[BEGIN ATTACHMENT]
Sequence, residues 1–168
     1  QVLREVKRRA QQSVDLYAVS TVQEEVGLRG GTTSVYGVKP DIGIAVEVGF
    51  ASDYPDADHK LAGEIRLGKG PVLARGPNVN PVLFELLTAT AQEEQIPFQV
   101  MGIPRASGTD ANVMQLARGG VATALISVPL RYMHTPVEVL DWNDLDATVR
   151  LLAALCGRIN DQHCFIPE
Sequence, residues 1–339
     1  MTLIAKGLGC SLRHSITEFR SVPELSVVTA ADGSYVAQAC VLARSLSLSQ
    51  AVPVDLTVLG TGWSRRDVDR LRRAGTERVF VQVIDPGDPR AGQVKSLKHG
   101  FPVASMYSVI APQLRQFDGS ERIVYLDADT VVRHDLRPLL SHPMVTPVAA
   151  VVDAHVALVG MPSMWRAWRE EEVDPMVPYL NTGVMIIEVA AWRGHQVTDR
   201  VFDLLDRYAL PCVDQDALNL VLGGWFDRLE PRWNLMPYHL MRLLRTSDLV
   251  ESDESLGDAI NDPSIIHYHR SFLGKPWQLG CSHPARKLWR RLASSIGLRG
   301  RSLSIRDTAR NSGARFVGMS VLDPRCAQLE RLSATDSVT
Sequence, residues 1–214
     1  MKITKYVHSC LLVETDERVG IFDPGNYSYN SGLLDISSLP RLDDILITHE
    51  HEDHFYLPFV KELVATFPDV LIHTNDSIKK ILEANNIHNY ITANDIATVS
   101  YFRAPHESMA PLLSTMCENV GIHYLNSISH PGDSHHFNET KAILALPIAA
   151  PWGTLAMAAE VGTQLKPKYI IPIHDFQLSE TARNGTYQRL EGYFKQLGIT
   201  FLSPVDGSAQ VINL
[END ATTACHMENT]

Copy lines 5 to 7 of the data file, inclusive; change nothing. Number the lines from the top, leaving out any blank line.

   151  LLAALCGRIN DQHCFIPE
Sequence, residues 1–339
     1  MTLIAKGLGC SLRHSITEFR SVPELSVVTA ADGSYVAQAC VLARSLSLSQ